A frequent scenario that we see as family solicitors are people in their fifties or older, who have been in a long marriage and found that they no longer have much in common with their partner and want advice about separation and divorce.
They are often successful people whose lives have been busy and they have focused on work and the children. At the end of a demanding day there was not enough time or mental energy left to spend on their partner, and they often realise that they do not want to spend the rest of their lives and retirement with that person.
Lives changing, including children flying the nest, wanting to wind down at work, or having to care for elderly parents can bring stresses upon people and therefore on relationships. Sometimes couples find they have challenges with their own health or mismatched levels of energy that cause difficulties.
If you find yourself in that situation, the first thing to do is to consider carefully whether the issue is to do with your partner or whether these external factors are causing the relationship to break down. It is really worth exploring options as to whether fixing specific stresses could help your relationship and it can be worthwhile speaking to a GP if there are health or mental health issues at play.
If you are unsure whether the relationship remains salvageable then it is worth attending counselling together as a couple to explore whether any issues are as a result of the relationship or from external factors that could be addressed. We can recommend some excellent couples counsellors.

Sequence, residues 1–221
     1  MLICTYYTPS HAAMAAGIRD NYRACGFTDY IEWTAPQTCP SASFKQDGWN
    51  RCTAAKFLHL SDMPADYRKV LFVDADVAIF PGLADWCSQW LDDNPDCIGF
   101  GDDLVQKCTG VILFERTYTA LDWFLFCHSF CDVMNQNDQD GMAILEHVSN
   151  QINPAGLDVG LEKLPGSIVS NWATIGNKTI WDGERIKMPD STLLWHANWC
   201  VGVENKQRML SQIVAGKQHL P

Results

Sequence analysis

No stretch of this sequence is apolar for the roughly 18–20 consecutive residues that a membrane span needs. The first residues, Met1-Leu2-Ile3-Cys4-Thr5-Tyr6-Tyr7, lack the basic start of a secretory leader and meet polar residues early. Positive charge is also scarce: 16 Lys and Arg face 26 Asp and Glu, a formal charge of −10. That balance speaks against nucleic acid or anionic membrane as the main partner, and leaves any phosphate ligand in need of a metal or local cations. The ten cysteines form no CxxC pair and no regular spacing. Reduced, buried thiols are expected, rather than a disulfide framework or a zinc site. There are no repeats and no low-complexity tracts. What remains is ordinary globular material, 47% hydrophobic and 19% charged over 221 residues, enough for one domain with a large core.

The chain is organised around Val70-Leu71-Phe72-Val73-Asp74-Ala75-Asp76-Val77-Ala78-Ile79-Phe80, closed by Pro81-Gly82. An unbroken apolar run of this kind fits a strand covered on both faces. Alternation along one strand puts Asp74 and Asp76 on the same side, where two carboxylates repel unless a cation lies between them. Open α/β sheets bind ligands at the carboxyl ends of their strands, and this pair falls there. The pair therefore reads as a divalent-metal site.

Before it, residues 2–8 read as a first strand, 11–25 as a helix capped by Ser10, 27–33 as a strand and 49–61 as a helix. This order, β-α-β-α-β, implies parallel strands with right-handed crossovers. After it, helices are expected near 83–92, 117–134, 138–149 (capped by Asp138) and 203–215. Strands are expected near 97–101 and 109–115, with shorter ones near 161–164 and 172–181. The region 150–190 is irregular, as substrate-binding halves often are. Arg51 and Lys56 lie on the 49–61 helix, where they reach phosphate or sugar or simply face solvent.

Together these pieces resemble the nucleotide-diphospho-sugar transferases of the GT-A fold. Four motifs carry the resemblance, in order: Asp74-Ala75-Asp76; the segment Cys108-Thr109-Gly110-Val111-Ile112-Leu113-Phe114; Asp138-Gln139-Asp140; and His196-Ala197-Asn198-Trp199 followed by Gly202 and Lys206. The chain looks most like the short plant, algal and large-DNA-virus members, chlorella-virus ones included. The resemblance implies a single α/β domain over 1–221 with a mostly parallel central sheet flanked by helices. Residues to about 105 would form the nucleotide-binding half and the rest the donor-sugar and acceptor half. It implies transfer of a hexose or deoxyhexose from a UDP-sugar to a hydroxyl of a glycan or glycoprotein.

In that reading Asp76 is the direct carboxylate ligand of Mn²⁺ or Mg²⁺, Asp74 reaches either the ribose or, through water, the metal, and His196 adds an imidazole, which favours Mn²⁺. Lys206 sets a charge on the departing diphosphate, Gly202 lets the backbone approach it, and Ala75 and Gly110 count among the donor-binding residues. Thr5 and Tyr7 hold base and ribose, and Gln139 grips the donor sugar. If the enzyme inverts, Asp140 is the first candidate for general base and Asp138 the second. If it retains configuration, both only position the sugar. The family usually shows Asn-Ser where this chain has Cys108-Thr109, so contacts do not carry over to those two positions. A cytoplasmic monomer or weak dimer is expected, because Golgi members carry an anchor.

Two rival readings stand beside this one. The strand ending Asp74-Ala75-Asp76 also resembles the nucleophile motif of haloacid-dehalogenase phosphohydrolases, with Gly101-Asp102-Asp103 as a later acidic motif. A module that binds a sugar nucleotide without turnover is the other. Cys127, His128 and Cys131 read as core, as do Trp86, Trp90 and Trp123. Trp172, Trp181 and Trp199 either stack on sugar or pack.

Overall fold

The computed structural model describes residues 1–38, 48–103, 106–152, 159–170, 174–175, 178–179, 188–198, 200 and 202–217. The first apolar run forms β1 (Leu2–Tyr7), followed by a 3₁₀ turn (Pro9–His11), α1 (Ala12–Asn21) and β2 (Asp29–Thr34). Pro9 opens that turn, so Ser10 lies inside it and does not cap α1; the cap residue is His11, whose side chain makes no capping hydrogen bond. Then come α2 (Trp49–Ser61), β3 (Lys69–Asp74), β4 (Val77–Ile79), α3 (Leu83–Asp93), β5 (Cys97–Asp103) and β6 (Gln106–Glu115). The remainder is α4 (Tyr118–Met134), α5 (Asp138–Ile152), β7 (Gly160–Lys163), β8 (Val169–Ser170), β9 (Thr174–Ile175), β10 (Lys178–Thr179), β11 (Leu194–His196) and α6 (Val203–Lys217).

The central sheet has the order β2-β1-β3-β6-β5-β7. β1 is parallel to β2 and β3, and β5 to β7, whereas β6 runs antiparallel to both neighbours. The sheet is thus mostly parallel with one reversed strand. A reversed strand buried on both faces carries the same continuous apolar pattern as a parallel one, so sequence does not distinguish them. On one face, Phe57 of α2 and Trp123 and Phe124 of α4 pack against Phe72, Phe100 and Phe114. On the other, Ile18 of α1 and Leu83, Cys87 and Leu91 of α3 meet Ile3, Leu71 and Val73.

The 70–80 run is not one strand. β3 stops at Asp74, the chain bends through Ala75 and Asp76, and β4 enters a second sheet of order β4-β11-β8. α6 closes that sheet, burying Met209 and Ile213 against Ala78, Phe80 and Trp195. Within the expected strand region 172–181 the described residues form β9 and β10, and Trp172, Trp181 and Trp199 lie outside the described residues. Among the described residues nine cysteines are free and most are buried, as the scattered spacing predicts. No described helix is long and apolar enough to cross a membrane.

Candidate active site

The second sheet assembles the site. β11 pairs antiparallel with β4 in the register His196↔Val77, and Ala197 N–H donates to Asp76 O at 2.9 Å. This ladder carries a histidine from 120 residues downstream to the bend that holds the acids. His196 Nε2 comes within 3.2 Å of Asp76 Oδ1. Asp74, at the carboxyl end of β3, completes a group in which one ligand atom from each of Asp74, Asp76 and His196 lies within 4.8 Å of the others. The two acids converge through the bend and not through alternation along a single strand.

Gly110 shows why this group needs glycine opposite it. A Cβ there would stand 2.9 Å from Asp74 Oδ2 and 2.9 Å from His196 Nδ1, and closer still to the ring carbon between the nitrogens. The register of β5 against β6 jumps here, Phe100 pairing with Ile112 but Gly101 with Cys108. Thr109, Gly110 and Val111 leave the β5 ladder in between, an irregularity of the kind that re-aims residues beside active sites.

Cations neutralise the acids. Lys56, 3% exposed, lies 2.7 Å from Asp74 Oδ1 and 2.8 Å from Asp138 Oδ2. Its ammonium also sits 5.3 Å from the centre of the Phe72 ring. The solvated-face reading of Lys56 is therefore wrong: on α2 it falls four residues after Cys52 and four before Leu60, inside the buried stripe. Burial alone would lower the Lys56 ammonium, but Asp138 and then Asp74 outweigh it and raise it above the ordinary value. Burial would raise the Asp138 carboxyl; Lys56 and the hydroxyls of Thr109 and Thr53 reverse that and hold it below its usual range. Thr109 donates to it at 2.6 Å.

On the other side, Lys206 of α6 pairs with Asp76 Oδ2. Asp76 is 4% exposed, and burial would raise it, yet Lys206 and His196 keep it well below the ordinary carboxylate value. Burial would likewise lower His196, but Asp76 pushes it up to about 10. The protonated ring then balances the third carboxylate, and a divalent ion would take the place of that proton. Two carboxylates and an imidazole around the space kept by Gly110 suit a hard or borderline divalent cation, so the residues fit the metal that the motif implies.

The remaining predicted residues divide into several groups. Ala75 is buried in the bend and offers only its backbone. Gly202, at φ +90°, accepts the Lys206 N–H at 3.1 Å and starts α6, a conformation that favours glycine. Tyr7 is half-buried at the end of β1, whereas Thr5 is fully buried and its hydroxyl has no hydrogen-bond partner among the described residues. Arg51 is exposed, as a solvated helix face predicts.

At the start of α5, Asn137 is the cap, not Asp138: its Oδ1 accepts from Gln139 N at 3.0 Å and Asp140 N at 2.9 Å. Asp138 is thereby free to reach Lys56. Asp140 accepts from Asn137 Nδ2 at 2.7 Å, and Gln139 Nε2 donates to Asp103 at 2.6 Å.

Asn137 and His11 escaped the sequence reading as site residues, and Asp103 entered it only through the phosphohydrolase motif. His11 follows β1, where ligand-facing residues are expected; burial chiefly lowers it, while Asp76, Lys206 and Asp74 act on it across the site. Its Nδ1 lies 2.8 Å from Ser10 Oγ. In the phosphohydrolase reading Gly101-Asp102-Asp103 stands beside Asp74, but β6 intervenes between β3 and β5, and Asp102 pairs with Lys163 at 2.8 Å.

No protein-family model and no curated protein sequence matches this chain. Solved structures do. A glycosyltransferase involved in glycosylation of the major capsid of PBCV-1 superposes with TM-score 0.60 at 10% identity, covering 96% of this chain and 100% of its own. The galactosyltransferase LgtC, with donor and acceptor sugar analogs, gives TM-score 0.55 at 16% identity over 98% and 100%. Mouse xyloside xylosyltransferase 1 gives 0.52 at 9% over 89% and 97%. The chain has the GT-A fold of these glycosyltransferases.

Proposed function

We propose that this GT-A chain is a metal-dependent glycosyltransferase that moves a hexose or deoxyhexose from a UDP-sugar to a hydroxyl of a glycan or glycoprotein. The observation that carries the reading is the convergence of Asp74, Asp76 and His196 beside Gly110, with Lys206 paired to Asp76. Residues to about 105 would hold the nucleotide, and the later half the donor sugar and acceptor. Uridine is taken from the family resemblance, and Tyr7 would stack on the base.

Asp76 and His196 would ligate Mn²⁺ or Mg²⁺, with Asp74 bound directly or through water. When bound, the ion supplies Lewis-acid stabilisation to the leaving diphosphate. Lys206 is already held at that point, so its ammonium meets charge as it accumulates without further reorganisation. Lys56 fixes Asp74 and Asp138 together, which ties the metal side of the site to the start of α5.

If after considering all of the above you still feel that a separation or divorce would be best then speak to a family solicitor. Often where couples have drifted apart, there is little hostility and so arrangements for a financial settlement need to be made sensibly and amicably together. At other times, while one partner wishes to end the relationship, the other can feel that their happy and stable later years are being taken away, and again it is important to address that sensitively and perhaps at a slower pace. Either way, it is important to have support from family, friends and a good family solicitor so that the outcome can be positive.
*This is not legal advice; it is intended to provide information of general interest about current legal issues.